PHASE II: Execute the plan developed in Phase I to develop a scaled prototype for evaluation. Provide demonstrations at key milestones of progress made to date on the tool, and degree of integration thus far obtained. The technical performance parameters developed in Phase I will be evaluated.
The desired outcomes from the demonstrations and evaluations include:
• Software enhancement of Wargaming design and scenario development
• Ability to responsively edit game design and scenario as required
• Ability to generate electronic reports/plans for use in formal documents
• Collaborative capability that allows distributed planners to work together on game design and scenario
• Intuitive interface that can be rapidly taught to users (e.g., under two days of instruction)
• Extent to which simulation can support game and results visualization, as determined by responsiveness of tool to player input (i.e., the degree to which the tool enables game and results visualization without interfering with the progress of the game)
• Methods to employ simulation to automate details and adjudicate outcomes
• Methods to translate player intent/actions/decisions into actionable digital orders that can be executed and adjudicated in simulation
• Ability to automate significant force behavior in simulation based on high level player orders and intent
• Required processing power/scalability for multiple game excursions
• Technical exchange specifications for M&S
• Identification of gaps in M&S capabilities that require work-arounds or specific dedicated development to mitigate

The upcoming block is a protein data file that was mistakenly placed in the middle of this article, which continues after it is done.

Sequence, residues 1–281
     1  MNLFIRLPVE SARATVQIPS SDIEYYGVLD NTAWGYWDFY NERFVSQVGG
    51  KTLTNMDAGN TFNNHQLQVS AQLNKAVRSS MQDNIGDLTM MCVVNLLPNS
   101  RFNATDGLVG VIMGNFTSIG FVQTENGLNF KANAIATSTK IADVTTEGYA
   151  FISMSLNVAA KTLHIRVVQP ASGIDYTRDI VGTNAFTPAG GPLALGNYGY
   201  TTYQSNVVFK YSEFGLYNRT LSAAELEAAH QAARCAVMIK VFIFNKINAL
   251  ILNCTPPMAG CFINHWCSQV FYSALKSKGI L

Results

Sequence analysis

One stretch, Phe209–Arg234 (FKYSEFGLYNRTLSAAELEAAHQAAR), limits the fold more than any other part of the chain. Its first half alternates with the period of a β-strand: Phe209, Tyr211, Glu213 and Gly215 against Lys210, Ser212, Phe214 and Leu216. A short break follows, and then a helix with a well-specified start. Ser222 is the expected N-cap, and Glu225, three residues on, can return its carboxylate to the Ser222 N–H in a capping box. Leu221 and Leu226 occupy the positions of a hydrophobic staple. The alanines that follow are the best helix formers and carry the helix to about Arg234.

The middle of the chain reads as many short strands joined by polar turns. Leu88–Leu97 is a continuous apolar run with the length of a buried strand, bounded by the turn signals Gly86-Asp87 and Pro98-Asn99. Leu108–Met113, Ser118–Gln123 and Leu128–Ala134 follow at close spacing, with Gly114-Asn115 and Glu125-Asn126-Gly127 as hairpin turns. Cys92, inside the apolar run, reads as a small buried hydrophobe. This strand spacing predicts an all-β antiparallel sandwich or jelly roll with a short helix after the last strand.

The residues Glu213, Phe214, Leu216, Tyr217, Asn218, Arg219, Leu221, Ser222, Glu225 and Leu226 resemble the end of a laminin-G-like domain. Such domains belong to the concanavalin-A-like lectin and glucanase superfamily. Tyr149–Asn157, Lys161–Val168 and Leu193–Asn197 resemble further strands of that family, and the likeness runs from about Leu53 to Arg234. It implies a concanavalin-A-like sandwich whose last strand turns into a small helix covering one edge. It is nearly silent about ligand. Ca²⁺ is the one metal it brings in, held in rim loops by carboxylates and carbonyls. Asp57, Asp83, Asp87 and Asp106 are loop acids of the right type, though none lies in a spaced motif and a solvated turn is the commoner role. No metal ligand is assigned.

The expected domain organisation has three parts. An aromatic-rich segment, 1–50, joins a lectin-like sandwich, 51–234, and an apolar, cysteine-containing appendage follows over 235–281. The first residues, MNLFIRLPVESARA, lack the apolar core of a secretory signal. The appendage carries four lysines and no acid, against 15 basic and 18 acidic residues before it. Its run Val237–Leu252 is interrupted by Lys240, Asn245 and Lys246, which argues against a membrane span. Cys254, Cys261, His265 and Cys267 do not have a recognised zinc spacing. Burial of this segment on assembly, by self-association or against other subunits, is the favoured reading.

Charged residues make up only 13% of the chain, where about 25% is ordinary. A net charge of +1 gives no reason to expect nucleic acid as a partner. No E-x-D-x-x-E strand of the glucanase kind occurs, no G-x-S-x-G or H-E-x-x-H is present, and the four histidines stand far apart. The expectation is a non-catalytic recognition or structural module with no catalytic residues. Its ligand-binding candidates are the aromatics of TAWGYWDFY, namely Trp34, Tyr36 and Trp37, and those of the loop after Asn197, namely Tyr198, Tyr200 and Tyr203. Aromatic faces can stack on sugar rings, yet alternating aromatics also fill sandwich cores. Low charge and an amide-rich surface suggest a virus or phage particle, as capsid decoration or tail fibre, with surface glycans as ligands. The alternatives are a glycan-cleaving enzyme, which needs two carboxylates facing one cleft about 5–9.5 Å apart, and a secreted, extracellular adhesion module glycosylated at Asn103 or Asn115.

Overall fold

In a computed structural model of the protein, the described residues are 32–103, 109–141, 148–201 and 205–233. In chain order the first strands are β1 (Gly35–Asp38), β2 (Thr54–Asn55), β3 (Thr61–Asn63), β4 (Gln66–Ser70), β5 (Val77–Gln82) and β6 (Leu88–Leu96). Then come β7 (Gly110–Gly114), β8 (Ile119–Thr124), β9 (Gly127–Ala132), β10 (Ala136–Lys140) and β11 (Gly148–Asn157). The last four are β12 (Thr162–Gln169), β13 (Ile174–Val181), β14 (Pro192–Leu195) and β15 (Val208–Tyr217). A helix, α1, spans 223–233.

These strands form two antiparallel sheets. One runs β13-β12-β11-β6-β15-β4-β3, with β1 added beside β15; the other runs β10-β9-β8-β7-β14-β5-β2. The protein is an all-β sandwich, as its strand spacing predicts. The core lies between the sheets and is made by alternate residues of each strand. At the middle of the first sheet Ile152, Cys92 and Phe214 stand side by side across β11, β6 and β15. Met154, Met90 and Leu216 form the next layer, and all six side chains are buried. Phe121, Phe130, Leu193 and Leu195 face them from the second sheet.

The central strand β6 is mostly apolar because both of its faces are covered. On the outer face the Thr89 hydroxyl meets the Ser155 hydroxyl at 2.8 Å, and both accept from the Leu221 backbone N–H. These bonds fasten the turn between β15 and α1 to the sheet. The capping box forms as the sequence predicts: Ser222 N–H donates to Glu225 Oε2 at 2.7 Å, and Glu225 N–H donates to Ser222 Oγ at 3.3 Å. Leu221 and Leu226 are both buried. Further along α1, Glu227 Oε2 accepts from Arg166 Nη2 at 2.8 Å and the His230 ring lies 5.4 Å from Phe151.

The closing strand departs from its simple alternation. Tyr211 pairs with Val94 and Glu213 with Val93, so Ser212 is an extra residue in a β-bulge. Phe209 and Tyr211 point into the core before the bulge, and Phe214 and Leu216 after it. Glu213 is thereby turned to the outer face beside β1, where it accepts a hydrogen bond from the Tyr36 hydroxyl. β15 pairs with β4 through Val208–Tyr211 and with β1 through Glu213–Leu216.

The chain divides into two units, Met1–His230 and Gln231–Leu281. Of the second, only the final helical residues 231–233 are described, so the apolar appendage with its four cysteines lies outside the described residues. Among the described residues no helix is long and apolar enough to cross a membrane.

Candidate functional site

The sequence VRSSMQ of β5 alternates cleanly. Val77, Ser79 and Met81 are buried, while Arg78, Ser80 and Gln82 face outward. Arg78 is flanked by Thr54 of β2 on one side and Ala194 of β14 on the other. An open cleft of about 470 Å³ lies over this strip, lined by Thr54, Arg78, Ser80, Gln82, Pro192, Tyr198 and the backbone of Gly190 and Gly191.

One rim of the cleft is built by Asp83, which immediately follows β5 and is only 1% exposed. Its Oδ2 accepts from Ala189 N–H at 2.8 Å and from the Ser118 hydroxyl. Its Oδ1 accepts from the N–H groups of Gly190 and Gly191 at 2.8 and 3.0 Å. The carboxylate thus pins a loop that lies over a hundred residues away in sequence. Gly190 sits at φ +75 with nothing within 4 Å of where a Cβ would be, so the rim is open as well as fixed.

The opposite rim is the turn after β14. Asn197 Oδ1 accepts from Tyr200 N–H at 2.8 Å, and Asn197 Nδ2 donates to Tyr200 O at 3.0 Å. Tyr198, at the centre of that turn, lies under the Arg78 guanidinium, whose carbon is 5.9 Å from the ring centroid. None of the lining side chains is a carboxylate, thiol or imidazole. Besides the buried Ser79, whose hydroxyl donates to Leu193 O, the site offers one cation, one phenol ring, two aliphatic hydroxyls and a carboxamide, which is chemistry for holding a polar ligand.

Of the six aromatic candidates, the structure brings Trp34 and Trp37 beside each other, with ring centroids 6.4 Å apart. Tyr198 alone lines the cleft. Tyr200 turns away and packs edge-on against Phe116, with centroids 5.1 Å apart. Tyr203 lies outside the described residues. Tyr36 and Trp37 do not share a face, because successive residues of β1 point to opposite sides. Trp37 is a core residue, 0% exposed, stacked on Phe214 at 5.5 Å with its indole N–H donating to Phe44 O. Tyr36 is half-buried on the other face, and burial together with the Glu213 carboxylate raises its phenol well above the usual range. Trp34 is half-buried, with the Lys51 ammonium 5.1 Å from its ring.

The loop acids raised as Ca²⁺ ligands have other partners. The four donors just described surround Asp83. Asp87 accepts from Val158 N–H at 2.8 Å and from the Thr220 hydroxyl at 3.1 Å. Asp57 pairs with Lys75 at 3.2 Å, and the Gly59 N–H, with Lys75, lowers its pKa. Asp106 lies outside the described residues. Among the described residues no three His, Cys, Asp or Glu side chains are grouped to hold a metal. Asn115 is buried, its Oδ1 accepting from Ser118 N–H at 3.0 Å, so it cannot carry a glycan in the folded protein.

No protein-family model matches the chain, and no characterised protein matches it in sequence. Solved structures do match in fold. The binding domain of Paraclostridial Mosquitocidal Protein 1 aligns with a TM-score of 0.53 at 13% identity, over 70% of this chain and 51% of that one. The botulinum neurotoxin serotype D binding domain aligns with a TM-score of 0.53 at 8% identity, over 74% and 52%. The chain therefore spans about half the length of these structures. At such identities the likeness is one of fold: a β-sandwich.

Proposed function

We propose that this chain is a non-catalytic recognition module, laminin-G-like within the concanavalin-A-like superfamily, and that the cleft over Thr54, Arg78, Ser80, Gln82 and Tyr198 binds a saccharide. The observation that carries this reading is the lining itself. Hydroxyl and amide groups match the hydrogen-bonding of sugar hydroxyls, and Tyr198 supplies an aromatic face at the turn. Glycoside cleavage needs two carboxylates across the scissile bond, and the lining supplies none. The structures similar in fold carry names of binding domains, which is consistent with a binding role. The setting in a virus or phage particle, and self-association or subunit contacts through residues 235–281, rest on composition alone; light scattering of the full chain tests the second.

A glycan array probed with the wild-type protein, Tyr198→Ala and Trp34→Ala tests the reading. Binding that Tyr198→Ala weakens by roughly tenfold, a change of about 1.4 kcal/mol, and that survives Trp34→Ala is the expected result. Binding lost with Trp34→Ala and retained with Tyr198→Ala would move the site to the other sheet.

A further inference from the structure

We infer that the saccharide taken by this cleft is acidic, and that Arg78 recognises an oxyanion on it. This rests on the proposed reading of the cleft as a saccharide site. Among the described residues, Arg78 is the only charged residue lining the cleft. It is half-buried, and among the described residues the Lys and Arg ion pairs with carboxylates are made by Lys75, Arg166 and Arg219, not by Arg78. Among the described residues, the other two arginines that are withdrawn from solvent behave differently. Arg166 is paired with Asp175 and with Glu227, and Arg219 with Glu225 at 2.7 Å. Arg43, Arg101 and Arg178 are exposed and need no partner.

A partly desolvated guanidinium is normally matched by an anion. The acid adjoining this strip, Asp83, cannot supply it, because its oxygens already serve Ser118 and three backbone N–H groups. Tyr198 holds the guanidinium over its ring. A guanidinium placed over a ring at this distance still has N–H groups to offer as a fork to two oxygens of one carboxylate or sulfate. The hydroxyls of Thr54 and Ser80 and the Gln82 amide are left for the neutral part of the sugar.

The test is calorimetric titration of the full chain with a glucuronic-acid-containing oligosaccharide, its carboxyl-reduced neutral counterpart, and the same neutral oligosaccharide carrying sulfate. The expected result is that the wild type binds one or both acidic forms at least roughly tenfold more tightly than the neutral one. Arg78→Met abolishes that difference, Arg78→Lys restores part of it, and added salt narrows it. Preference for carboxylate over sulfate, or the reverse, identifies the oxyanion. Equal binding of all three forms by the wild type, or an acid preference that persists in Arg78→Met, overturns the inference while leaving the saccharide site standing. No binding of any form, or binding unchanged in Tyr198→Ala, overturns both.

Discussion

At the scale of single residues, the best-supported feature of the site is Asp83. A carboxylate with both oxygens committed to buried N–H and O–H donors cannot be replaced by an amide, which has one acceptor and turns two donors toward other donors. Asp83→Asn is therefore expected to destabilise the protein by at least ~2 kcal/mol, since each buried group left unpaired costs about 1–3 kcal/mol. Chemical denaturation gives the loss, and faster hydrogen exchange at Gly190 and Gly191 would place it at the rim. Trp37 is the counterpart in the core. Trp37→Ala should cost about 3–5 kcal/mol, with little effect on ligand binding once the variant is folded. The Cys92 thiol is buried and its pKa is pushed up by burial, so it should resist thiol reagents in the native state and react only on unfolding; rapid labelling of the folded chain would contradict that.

PHASE III DUAL USE APPLICATIONS: Transition the developed technology to Program Manager Wargaming Capability. Further development and demonstration will be focused on operating the software within the lifecycle of a live wargame, from planning and scenario development through execution. Support formal testing and validation with specific simulation tools. Address any integration and performance issues that arise during testing.
Increasingly businesses are turning to serious gaming to provide strategic insight and inform decision making. Many such businesses wish to garner insights from the voluminous data collected from myriad sources. However, there is a barrier to entry for these businesses in having the resident skill sets required to utilize the highly complex available tools. The technologies developed under this SBIR topic would have potential applicability to any of the industries which have begun to embrace serious gaming and wargaming. For example, industries are turning to cyberwar gaming to uncover aspects of their attack surface which may have gone previously unnoticed. Similarly, defense contractors use gaming to help gain strategic insight into how to compete in a budget-limited environment with myriads of competitors.
1. Curry, John, ed. “Peter Perla’s The Art of Wargaming: A Guide for Professionals and Hobbyists.” United States Naval Institute, 2012.
2. Gorak, Mark. “Introduction to Modeling and Simulation Special Edition: Wargaming.” Journal of Cyber Security and Information Systems, Vol. 4, No. 3, November 20, 2016. https://www.csiac.org/journal-article/introduction-to- modeling-and-simulation-special-edition-wargaming/
3. Pournelle, Phillip. “Designing Wargames for the Analytic Purpose.” Phalanx, Vol. 50, No. 2, June 2017, pp. 48-
4. Work, Bob and Selva, Paul. “Revitalizing Wargaming is Necessary to be Prepared for Future Wars.” War on the Rocks, December 8, 2015. https://warontherocks.com/2015/12/revitalizing-wargaming-is-necessary-to-be-prepared- for-future-wars/
KEYWORDS: Wargaming; Modeling and Simulation (M&S); User Experience; Analysis; Game Design, Scenario Development, and Execution; Automation